Harriett Baldwin

My right hon. Friend, who is an extremely wise and knowledgeable person—I will not refer in any way to his age—highlights an important point. He also emphasises the behavioural characteristic of the recency effect. Inflation is well below the 2% target today, but only during the lifetime of the last Parliament it was above 5%. Even during the six years that I have been a Member, we have tested the parameters of the inflation target. I do not think there is any need for us to make any changes to that target this afternoon.

 

Mark Field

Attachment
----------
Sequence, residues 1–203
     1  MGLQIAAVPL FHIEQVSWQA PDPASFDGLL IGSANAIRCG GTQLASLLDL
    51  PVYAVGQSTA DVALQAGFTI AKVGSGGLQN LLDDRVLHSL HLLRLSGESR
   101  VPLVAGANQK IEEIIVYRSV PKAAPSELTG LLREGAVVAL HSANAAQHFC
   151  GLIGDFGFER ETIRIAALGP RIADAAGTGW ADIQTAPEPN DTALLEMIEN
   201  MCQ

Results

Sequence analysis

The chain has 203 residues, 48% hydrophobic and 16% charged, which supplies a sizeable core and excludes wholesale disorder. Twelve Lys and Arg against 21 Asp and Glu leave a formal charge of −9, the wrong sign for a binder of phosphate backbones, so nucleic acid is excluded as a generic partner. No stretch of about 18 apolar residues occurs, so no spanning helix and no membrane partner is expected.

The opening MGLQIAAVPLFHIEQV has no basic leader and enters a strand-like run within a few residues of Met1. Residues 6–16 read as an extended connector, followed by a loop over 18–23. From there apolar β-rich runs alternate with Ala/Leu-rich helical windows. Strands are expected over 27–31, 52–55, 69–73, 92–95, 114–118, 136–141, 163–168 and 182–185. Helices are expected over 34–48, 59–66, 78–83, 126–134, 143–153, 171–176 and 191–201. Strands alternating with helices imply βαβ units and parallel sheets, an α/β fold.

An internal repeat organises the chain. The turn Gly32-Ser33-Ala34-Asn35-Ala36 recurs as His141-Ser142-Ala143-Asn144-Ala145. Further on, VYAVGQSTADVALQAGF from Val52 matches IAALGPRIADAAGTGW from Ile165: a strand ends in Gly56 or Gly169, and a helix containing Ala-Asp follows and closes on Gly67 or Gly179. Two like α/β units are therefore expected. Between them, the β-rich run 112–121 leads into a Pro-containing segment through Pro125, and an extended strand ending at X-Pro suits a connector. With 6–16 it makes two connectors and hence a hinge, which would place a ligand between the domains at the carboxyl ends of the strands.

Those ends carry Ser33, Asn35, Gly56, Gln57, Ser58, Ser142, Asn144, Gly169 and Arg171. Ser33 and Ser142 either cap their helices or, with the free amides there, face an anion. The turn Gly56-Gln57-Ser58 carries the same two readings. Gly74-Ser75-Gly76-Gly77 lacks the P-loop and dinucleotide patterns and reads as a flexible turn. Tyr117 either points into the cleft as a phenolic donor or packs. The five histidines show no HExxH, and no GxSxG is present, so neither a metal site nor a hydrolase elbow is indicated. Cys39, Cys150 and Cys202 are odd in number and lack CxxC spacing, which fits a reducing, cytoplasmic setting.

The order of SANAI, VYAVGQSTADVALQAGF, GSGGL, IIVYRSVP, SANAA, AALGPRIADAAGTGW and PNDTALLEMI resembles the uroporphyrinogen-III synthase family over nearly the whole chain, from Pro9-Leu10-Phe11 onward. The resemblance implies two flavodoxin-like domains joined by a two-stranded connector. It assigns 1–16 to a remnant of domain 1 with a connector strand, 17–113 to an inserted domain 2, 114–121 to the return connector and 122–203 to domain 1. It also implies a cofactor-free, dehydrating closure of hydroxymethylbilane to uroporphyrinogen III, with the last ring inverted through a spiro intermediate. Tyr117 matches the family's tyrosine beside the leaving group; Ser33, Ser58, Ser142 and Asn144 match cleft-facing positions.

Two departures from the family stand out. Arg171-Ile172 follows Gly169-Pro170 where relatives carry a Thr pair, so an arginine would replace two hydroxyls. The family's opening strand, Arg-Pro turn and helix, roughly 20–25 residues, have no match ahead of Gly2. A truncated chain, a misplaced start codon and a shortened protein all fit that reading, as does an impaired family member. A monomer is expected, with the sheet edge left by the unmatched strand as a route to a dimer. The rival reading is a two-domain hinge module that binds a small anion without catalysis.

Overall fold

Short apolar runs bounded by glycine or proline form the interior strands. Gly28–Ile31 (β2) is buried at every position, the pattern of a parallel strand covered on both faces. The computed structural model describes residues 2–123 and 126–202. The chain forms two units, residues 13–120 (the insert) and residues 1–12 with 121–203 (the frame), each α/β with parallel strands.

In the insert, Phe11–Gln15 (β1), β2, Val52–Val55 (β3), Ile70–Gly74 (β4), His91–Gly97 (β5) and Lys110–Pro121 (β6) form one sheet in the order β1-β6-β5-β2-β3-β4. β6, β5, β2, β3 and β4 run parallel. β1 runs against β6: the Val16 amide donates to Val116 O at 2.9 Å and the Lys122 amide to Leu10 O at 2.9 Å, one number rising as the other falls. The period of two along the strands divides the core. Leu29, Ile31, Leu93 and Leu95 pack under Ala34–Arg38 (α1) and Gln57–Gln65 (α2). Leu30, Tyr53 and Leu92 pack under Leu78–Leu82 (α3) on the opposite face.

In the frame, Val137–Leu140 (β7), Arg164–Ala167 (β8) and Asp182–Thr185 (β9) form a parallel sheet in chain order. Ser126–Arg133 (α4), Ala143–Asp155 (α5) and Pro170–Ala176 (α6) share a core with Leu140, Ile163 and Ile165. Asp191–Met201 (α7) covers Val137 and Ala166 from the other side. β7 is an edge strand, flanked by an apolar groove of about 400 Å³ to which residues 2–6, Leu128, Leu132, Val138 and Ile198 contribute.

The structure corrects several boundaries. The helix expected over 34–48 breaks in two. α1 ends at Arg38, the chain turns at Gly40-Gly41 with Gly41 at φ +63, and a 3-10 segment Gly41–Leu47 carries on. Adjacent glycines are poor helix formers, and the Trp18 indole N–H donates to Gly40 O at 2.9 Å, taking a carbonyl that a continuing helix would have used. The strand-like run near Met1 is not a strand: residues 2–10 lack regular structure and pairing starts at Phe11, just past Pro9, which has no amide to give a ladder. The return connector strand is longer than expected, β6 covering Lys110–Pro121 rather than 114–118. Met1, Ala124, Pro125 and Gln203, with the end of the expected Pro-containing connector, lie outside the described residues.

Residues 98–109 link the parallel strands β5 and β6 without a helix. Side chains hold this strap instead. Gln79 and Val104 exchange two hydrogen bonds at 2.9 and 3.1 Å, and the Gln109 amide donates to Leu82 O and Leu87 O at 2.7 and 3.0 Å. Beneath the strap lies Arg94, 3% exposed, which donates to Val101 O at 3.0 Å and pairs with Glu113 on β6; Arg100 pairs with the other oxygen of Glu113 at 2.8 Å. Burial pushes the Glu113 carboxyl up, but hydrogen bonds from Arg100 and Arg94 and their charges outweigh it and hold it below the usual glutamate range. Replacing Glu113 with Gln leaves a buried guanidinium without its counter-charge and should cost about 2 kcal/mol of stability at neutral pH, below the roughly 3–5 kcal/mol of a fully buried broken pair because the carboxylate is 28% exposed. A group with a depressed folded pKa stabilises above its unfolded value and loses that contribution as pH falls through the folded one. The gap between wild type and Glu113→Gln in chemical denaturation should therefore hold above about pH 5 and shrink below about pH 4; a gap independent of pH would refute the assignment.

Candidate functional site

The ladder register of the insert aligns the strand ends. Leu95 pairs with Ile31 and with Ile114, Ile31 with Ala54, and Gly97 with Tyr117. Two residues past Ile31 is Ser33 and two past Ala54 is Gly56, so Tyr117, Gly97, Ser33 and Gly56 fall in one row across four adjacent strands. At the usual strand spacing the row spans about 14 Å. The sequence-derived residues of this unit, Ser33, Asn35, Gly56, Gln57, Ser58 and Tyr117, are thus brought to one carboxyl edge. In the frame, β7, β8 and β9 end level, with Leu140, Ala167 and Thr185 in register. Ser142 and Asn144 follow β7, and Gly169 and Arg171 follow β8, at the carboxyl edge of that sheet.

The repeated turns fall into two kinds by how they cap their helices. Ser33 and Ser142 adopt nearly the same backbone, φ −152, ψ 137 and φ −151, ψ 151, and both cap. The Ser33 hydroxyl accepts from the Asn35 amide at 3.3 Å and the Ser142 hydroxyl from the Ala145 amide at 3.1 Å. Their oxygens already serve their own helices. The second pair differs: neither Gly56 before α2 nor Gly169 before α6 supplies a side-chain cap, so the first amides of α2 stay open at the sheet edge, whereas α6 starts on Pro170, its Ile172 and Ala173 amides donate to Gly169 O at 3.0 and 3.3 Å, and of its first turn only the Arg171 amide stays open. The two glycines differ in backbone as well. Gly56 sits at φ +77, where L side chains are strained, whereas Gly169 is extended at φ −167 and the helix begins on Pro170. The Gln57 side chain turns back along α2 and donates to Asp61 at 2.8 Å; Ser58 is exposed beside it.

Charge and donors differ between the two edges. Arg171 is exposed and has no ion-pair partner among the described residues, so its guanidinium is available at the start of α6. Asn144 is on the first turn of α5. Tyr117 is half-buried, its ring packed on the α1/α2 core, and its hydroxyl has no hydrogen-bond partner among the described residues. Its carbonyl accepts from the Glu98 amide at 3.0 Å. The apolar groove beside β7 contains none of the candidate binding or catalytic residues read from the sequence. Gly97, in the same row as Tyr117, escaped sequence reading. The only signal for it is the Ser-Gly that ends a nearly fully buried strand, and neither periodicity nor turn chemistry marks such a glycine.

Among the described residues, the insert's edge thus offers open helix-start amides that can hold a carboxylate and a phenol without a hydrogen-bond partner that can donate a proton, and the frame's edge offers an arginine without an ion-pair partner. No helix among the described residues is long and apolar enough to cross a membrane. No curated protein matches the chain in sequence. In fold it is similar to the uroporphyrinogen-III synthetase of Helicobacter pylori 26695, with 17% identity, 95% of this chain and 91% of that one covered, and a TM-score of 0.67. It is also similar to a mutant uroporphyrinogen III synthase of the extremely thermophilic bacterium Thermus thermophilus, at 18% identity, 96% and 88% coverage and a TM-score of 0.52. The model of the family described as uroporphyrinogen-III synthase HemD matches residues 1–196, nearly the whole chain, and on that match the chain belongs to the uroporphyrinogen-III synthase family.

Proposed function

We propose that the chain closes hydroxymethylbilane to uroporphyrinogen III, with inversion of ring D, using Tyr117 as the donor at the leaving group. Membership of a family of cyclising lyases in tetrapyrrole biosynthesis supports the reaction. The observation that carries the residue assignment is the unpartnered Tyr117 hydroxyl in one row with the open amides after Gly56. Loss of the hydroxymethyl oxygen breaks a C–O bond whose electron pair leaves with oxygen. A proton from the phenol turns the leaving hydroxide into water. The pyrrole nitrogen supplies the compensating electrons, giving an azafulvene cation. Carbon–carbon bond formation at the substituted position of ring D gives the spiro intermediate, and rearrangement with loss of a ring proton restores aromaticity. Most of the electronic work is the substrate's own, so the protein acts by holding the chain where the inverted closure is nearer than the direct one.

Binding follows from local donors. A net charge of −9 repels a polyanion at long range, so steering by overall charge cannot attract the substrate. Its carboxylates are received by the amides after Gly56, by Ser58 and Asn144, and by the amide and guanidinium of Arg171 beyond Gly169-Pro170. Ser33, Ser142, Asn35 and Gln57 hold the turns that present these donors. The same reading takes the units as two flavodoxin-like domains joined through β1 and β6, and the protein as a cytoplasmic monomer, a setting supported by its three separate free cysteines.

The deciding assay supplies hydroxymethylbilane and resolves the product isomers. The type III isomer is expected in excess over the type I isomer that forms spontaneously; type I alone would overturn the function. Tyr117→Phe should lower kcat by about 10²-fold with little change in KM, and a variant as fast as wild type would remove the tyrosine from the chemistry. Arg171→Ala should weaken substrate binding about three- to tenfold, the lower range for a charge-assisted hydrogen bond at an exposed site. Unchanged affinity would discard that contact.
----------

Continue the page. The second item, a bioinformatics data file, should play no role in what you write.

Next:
I have a brief question on amendment 6. Although I accept that transparency and openness are the spirit of the age and we cannot necessarily move entirely against that—[Laughter.] We do our level best some of the time. I am sure that the Treasury will be at the vanguard of this. Does the hon. Gentleman accept that, at times of great difficulty, when there are issues about the stability or functioning of the UK’s financial banking system, it would be appropriate not just for the Treasury Committee but for the Treasury itself to have some say in suggesting when openness should not be fully fledged? The safeguards that he has put in place in the amendment refer only to the Treasury Committee; does he not see that there might be instances when Ministers might rightly have concerns about issues of stability that should be protected from open transparency at least for a time, although there could then be a move to make the minutes and other things more open at some future point, once the particular threat had passed?